Home Community DESTINATIONS:::Burke Museum of Natural History and Culture

DESTINATIONS:::Burke Museum of Natural History and Culture

By David Yamaguchi, The North American Post

Tlingit and Haida tribal lands Southeast Alaska and British Columbia respectively The isolated largely islandic locations of these communities have helped them survive the onslaught of western civilization Images Wikimedia Commons

The UW’s Burke Museum, newly rebuilt and opened to the public in October 2019, is a local attraction that had been “on my list” to visit, but which got postponed owing to the COVID-19 pandemic. Finally getting there on Nov. 12, I was stunned to find that the museum, which had been a dusty forgotten corner of campus for my entire life, has been transformed into a first-rate museum suitable for the major urban center that Seattle is becoming.

Adult readers of this paper may find the Burke’s displays of Northwest Native American cultural artifacts its main attractions. Many of these resemble those of the Ainu, the native people of Japan.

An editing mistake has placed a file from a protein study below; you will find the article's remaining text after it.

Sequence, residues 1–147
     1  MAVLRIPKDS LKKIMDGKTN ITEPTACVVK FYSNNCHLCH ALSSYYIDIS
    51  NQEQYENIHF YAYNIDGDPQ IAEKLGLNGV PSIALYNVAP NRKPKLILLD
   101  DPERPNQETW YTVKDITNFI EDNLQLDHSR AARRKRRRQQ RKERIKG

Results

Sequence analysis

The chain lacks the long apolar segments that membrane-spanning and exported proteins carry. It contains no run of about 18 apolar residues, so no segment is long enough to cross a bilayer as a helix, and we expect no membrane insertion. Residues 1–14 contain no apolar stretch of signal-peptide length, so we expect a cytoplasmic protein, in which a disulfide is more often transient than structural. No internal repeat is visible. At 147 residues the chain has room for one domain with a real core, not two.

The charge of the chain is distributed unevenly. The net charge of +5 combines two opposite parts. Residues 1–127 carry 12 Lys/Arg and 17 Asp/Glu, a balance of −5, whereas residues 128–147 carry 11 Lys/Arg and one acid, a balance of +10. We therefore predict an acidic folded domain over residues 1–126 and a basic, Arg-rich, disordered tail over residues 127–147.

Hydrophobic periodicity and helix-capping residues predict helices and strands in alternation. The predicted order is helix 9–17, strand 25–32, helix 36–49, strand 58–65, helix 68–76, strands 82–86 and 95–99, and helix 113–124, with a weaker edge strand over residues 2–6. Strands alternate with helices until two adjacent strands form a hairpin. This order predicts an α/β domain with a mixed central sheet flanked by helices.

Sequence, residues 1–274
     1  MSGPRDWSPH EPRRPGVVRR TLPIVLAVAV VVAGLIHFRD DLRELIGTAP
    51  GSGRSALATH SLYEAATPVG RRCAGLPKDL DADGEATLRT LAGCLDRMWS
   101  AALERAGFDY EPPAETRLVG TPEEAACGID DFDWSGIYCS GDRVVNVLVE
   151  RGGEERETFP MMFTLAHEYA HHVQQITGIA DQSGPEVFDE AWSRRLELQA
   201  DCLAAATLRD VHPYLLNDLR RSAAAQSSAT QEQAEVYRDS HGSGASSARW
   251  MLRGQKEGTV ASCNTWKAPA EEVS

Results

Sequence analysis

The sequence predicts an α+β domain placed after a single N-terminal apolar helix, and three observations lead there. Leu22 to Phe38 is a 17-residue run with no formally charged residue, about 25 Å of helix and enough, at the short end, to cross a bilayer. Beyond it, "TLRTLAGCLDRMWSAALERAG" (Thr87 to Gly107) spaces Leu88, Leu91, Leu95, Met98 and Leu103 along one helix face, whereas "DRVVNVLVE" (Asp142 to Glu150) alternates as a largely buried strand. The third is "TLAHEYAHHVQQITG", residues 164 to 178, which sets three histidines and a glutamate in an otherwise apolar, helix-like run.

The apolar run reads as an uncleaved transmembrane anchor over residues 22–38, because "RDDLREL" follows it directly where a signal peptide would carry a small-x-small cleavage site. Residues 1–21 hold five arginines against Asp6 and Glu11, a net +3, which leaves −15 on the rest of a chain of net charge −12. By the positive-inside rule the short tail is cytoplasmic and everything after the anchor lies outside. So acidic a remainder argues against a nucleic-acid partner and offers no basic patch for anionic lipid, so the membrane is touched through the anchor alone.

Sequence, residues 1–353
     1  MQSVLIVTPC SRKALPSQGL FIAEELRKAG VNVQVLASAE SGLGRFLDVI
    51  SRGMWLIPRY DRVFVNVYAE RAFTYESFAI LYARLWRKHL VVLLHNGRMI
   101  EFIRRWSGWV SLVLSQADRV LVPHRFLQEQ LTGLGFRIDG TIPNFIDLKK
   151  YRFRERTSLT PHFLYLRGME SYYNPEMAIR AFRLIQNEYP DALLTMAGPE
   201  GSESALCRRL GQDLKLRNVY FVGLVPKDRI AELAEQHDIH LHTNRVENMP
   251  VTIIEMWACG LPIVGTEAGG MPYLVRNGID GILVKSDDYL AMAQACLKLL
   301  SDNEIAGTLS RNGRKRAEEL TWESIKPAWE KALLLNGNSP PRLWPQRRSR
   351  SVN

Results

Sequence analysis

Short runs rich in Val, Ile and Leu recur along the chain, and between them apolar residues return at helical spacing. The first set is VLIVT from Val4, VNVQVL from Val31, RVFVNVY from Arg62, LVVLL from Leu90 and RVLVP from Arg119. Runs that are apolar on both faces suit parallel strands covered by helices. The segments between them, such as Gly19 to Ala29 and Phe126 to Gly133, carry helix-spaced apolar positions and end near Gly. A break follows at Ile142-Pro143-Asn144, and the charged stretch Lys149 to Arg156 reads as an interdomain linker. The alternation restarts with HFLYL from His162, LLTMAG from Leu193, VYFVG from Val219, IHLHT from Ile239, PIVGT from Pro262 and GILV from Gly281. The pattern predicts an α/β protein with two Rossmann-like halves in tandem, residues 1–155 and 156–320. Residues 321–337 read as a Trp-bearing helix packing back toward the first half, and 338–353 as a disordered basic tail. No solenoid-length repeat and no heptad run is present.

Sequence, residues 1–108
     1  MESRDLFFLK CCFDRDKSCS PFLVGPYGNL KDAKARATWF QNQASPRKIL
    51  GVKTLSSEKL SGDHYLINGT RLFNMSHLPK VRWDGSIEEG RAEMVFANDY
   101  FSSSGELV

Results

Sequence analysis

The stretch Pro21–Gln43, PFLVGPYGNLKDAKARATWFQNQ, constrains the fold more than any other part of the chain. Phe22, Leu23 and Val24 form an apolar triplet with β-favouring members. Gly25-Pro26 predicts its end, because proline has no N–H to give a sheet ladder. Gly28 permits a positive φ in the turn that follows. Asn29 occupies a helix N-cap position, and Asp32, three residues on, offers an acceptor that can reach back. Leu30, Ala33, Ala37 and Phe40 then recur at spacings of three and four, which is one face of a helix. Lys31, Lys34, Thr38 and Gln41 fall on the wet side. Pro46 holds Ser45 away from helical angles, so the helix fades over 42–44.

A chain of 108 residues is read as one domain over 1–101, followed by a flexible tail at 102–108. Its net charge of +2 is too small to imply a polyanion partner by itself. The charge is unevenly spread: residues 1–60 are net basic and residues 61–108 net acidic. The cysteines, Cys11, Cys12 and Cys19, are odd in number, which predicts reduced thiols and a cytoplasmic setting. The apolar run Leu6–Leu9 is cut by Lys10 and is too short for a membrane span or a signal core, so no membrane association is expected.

Nonetheless, to provide balanced coverage of the Burke, above I share four of its best large-animal skeletons and stuffed animals. Each of these has its own Japan-related backstories. For example, a scientific website describes people following mammoths to Hokkaido (akarenga-h.jp/en/hokkaido/nature/n-01/).

Whalehouse interior Tlingit Klukwan Alaska 1895
Queen Johnny of Masset BC Haida 1888
A dress by Evelyn Vanderhoop Masset Haida
Ish ishwar awmcpheevia via Wikimedia Commons Photos of Burke displays DY

Baird’s Beaked Whale. Whales led to the start of US-Japan relations, for it was the US’s need for provisioning its whaleships offshore of Japan that prompted it to seek diplomatic relations there.

“If that double-bolted land, Japan, is ever to become hospitable, it is the whale-ship alone to whom the credit will be due; for already, she is on the threshold.” — “Moby Dick” (1851)